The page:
Shoes You Can Hang on Your Wall

Manolo Blahnik at work on a design in Michael Roberts’ “Manolo: The Boy Who Made Shoes for Lizards.” | MUSIC BOX FILMS

Manolo knows shoes. His name is synonymous with high fashion footwear. He has collaborated with designers around the globe, and his pumps, mules, and kitten heels have been featured in popular culture from “Sex and the City” to Sophia Coppola’s film “Marie Antoinette.”

Now, there is “Manolo: The Boy Who Made Shoes for Lizards,” a documentary — well, hagiography, really — about Manolo Blahnik that struggles to get at the man behind all of the happy feet. Director Michael Roberts’ film opens with Blahnik recounting his carefree childhood in Santa Cruz de Tenerife in Spain’s Canary Islands, where he did, indeed, make shoes for lizards, as the documentary’s subtitle indicates. He describes wonderful parents who dream of him working at the United Nations, before he decamps for the fashion scenes of Paris and London in the 1960s and 1970s.

This backstory helps establish Blahnik as charming, insouciant, fussy, hedonistic, and even a bit arrogant. But these qualities are all what captured the fashion world’s attention. He was demanding and worked hard, and when he met with the esteemed Diana Vreeland — an experience that rendered the chatty shoe designer speechless — his future storied reputation in footwear was guaranteed. Even if his models suffered nobly during his first runway collection — because Blahnik didn’t reinforce his rubber heels with steel support — his shoes were still marvelous.

Michael Robert captures Manolo Blahnik’s style, if not his spirit

“Manolo” traces the designer’s early, heady moments in breezy fashion, allowing viewers to get caught up in the haute couture. Unfortunately, Roberts includes a series of distracting dramatic recreations, such as Manolo (Rick Kissack) wearing a suit that looks like it was stitched together from some Italian restaurant tablecloths. These episodes — including Manolo meeting Vreeland — are meant to bring alive events not otherwise captured on film.

In contrast, the documentary images Roberts offers of young Blahnik from photo shoots and magazine layouts are fun, and are enhanced by comments such as photographer David Bailey recalling that he willingly buried himself up to his neck in the sand for a shoot that Manolo himself seemed unwilling to do.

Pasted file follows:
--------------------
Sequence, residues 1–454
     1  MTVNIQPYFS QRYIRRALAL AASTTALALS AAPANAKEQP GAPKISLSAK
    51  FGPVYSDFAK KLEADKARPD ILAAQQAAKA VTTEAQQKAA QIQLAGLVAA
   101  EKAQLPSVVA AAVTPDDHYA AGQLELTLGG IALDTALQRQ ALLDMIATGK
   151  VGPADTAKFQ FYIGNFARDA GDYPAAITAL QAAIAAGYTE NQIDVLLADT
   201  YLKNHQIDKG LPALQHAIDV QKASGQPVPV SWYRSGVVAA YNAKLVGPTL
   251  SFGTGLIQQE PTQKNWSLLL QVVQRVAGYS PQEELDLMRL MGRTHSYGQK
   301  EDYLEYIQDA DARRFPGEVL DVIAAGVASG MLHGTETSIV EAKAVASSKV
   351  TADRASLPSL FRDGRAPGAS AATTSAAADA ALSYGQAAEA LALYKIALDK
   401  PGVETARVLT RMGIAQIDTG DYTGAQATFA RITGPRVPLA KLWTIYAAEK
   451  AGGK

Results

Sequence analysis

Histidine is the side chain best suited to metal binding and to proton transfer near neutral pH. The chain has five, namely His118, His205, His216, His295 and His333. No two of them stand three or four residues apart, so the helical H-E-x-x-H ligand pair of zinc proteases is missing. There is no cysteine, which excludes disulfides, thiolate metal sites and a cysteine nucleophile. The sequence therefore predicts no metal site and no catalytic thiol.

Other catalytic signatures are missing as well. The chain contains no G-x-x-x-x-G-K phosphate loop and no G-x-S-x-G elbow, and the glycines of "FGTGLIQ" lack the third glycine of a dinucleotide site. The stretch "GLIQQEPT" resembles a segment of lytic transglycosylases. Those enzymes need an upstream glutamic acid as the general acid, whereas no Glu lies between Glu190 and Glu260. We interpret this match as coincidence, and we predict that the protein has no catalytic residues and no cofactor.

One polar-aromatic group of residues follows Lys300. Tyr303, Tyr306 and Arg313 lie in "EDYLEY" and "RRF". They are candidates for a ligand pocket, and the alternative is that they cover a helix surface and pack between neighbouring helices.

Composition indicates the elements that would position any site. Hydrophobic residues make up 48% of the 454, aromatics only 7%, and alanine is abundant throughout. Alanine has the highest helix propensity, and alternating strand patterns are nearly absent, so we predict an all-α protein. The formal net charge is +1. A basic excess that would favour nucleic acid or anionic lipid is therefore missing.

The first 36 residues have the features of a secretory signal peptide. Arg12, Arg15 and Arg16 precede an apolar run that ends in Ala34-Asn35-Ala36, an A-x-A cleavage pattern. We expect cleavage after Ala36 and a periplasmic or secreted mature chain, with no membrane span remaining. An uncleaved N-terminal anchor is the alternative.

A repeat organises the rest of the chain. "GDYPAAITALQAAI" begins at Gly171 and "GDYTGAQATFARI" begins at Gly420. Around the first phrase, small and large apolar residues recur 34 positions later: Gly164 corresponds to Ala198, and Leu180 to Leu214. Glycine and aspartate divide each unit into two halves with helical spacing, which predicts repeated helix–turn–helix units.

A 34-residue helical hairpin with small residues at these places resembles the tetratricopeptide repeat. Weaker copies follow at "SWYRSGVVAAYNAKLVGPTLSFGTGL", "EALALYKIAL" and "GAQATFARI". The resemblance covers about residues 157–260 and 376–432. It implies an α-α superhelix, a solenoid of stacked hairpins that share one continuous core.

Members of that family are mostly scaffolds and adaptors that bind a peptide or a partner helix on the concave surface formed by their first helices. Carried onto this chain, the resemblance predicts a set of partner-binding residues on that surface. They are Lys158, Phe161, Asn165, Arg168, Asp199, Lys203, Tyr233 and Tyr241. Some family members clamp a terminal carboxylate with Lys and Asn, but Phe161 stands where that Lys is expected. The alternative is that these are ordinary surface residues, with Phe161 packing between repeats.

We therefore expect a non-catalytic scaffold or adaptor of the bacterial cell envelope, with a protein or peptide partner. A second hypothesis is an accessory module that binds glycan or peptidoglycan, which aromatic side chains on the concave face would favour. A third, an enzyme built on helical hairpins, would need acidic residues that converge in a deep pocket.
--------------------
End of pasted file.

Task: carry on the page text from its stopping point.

When Blahnik opens his shop in London, he becomes an instant success. Rupert Everett boasts of purchasing a pair of zebra-skin pumps there, but admits he has never worn them. Perhaps it is because they are more a work of art than a practical pair of shoes for the British actor. Everett’s praise is typical of the reverence the film’s interviewees have for Blahnik. Anna Wintour, André Leon Talley, Paloma Picasso, and dozens of other fashionistas voice their enthusiasm. Isaac Mizrahi gushes about Blahnik’s “sexy pilgrim” shoes, and Rihanna is buoyant about a pair of boots that have to be seen to be believed.

One of the film’s wildest scenes has Blahnik reuniting with John Galliano. The two designers collaborated on a famous fashion event earlier in their careers, and their reminiscences are accompanied by clips of the models from what was clearly a magical show.

“Manolo” is best when it focuses on the fashion. A brief scene of the shoes being hand-made is lovingly done. Likewise, when Roberts displays a montage of Blahnik’s products late in the film, viewers can truly appreciate the fancy fantasy footwear. Seeing the high heels and the “toe cleavage” will leave some viewer salivating, and the artistry of Blahnik’s brand will be clear even to viewers who can’t tell a pump from a mule.

These shoe porn moments are not just for foot-fetishists. Blahnik discusses his appreciation of classical Roman and Greek statues, where the feet are a focus. For the designer, it is all about the beauty. A too-lengthy sequence about the influence African art and the Marlene Dietrich film “Blonde Venus” had on the designer obscures the underlying point that Blahnik pulls disparate elements together to create fresh designs. That message could have been conveyed less clumsily.

If Roberts never quite gets at the true character of Blahnik — his private life is never really discussed — that may be because the designer wasn’t really interested in being the subject of a film. Blahnik is a bit cagey in the film’s opening scenes, and he rarely lets Roberts in. A scene in which Blahnik is filmed signing books while being interviewed by a reporter suggests Roberts himself had limited access to him. Even scenes at Blahnik’s home in the famous Royal Crescent of terraced houses in Bath, England, are slight and underdeveloped by comparison to the numerous films about other fashion designers.

For the legions of fans who will see “Manolo,” the film’s drawbacks may not be an issue, except that they take away from the time spent showcasing the shoes. Roberts’ film allows us far more insight into Blahnik’s style than into the designer himself.

MANOLO: THE BOY WHO MADE SHOES FOR LIZARDS | Directed by Michael Roberts | Music Box Films | Opens Sep. 15 | Landmark Sunshine Cinema, 143 E. Houston St., btwn First & Second Aves. |